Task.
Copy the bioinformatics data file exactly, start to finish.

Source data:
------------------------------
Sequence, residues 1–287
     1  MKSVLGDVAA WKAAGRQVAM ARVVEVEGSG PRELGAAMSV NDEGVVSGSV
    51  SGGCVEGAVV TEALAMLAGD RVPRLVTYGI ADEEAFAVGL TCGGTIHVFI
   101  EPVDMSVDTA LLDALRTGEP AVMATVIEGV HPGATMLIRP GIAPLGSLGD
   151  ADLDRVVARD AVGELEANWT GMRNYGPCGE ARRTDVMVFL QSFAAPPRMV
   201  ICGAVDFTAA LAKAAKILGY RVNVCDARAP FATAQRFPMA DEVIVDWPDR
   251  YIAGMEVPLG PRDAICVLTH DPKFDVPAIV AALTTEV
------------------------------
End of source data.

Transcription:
Sequence, residues 1–287
     1  MKSVLGDVAA WKAAGRQVAM ARVVEVEGSG PRELGAAMSV NDEGVVSGSV
    51  SGGCVEGAVV TEALAMLAGD RVPRLVTYGI ADEEAFAVGL TCGGTIHVFI
   101  EPVDMSVDTA LLDALRTGEP AVMATVIEGV HPGATMLIRP GIAPLGSLGD
   151  ADLDRVVARD AVGELEANWT GMRNYGPCGE ARRTDVMVFL QSFAAPPRMV
   201  ICGAVDFTAA LAKAAKILGY RVNVCDARAP FATAQRFPMA DEVIVDWPDR
   251  YIAGMEVPLG PRDAICVLTH DPKFDVPAIV AALTTEV